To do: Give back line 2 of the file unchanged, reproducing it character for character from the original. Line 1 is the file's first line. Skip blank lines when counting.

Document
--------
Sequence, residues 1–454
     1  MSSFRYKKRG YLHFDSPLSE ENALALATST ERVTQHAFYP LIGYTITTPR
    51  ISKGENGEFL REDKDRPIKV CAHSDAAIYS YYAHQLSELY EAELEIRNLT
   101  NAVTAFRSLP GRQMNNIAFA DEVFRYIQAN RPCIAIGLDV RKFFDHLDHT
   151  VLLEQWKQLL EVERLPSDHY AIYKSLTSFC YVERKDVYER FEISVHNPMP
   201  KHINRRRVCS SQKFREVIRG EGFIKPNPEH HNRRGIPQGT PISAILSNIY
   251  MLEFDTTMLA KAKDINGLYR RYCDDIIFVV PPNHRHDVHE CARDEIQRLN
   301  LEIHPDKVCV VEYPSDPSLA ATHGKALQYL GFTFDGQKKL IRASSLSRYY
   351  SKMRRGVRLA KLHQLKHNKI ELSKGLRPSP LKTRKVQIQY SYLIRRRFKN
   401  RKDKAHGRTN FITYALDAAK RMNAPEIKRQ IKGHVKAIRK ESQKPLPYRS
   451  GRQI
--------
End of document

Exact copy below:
     1  MSSFRYKKRG YLHFDSPLSE ENALALATST ERVTQHAFYP LIGYTITTPR